Based on the findings from the concept elicitation interviews, ‘worry about the future’ was identified as an important concept belonging to the emotional domain not yet assessed in the ViSIO-PRO and ViSIO-ObsRO. An additional item was therefore developed to assess ‘worry about the future’ and added to the instruments. No items in the ViSIO-PRO and ViSIO-ObsRO were deleted following Round 2.
Other modifications were made to the ViSIO-PRO and ViSIO-ObsRO to improve item wording. For the ViSIO-PRO, minor changes were made to the wording of 11 items, specifically updating examples of activities provided in the items to be more relevant to the patient experience; updating ‘without help’ to ‘without help from someone else’; specifying the distance for items assessing distance vision and adding ‘because of your vision’ to several items to ensure patients respond based on their vision. No changes were made to the wording of the ViSIO-ObsRO.
This resulted in the 49-item ViSIO-PRO and 27-item ViSIO-ObsRO intended for psychometric testing in subsequent studies.
The overall objective of the study was to explore the patient experience of RP/LCA and evaluate participant understanding and relevance of the newly developed ViSIO-PRO and ViSIO-ObsRO instruments. This is one of the first qualitative studies to comprehensively explore the patient experience of a range of RP/LCA genotypes from both patient and caregiver perspectives in the US, France, Germany and Canada.
Findings from the CE interviews across RP/LCA subtypes provide evidence of a wide range of visual function symptoms that patients experience and the significant impact on patients’ vision-related functioning and distal HRQoL.
The results of this study are supported by findings from the previous literature in RLBP1 RP, which are consistent with these results and suggest that findings specific to the RLBP1 RP population can be extrapolated to broader RP/LCA [6, 13]. Key symptoms of RLBP1 RP such as night blindness, and difficulty adapting to changes in lighting, also had equivalent relevance in the distal RP/LCA sample included within this study. There were little to no apparent differences in the key symptoms (and HRQoL impacts) reported between the specific RP/LCA genotypes included in this study, further supporting the generalisability of these findings.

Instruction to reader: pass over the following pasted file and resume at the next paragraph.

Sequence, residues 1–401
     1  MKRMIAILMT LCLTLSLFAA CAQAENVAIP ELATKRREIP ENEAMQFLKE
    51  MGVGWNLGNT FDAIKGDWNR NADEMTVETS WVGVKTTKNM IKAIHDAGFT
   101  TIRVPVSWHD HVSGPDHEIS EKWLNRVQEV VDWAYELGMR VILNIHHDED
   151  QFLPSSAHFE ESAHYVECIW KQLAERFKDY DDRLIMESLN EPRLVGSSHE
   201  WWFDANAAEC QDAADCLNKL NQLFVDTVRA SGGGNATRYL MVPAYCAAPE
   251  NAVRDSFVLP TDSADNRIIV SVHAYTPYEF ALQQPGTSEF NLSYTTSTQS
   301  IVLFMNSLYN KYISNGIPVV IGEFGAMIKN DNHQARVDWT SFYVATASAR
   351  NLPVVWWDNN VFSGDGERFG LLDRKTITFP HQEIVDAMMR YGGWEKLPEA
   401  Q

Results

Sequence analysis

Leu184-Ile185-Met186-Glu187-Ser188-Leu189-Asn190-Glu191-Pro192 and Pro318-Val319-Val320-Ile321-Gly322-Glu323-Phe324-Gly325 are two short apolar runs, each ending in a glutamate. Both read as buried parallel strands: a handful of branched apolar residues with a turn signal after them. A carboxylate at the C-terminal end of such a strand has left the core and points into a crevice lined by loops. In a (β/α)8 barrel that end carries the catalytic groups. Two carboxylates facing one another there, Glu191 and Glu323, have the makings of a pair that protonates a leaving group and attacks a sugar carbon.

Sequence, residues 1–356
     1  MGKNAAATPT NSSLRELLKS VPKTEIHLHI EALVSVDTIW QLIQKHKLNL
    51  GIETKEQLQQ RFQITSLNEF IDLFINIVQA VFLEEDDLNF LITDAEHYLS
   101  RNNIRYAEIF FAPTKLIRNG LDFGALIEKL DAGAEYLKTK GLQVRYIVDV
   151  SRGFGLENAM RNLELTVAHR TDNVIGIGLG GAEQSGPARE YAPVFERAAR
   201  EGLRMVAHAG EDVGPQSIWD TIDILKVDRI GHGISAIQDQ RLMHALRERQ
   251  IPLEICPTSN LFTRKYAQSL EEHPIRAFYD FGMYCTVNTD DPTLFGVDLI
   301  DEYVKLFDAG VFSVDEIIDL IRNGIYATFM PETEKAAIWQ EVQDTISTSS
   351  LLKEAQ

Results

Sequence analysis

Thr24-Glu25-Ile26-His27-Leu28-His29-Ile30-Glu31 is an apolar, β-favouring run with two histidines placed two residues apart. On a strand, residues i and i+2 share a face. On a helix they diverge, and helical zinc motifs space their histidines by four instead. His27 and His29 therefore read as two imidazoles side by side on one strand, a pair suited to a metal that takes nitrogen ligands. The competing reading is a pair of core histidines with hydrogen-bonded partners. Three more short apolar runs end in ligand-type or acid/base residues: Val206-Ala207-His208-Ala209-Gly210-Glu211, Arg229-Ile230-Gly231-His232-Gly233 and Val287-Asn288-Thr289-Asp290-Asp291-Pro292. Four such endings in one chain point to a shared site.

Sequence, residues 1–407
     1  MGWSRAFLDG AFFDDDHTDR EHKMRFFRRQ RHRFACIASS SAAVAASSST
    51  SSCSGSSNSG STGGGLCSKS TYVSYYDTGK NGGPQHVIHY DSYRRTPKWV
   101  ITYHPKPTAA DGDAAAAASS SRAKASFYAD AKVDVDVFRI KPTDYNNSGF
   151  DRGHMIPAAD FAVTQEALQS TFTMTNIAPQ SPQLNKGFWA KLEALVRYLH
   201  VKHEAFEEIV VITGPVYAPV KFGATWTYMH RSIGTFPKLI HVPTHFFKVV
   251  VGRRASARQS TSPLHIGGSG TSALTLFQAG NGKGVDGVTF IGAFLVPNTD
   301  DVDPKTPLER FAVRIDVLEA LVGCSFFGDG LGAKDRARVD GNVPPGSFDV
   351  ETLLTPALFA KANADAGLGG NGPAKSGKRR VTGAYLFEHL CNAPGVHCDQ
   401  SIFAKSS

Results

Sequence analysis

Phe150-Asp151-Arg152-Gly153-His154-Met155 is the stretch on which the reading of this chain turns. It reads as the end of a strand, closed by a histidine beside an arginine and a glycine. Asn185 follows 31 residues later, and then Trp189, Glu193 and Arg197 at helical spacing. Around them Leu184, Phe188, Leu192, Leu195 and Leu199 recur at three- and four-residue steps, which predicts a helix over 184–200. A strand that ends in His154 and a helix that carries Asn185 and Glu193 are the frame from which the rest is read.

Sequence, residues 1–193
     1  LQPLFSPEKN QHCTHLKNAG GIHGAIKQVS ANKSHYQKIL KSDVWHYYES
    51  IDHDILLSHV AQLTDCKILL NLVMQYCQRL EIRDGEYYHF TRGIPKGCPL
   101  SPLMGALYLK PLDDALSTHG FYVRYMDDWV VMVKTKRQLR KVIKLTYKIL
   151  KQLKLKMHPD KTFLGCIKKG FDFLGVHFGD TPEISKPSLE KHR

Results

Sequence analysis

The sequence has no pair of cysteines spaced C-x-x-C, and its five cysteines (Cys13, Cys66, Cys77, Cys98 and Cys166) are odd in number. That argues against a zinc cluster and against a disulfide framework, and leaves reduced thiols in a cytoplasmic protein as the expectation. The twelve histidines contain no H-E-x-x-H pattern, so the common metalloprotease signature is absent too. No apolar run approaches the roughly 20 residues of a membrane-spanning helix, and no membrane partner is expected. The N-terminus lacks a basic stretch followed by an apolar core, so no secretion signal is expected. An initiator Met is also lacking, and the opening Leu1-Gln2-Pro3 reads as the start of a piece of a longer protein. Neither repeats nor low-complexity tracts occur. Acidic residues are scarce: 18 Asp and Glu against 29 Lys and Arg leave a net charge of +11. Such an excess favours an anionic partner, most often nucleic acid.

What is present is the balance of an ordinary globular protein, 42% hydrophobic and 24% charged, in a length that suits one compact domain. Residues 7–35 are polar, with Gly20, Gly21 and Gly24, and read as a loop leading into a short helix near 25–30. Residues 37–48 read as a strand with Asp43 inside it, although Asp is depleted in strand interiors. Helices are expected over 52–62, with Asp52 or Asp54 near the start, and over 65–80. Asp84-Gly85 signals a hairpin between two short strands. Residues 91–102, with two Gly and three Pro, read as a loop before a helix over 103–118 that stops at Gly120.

However, these interviews also identified further visual function symptoms that have not been previously reported in the published literature such as shape recognition which was reported in this study by five RPE65 and CEP290 patients/caregivers exclusively. This is likely a specific visual function symptom which may not present as an issue for patients of the RLBP1 RP sub-type and may not have been previously identified due to the limited depth of information available in the existing qualitative literature. Impacts on vision-related functioning not previously reported were also observed in this study and could be grouped under impacts on daily activities, navigation/mobility, distal HRQoL and coping mechanisms.
Overall, the CE interview findings suggest a high level of consistency across RP/LCA genotypes regarding the symptoms and functional impacts that are relevant to measure as part of future clinical trial programmes.
The ViSIO-PRO and ViSIO-ObsRO instruments assess a range of visual impairments and impacts on vision-dependent ADL and mobility ADL and distal HRQoL, which were identified as important aspects of the patient experience of RP/LCA based on prior research [6, 13] and confirmed during the qualitative CE interviews.
The ViSIO-PRO and ViSIO-ObsRO instruments were developed to comprehensively assess the patient experience of RP/LCA, while accounting for the limitations of existing PRO instruments developed in ophthalmology more broadly. These limitations include lack of assessment of concepts in different familiarities of environment and lighting conditions. Additionally, as existing instruments have not been developed specifically for use in RP/LCA they may not necessarily be comprehensive of the patient experience of RP/LCA.
Findings from this study support the content validity of the newly developed ViSIO-PRO and ViSIO-ObsRO instruments and patient/caregiver global impression of severity and change items. The majority of participants understood the ViSIO-PRO and ViSIO-ObsRO instructions, items, response options and recall period well and as intended. Importantly, participants indicated that the concepts assessed by the items were relevant to their (or their child’s) experience of RP/LCA.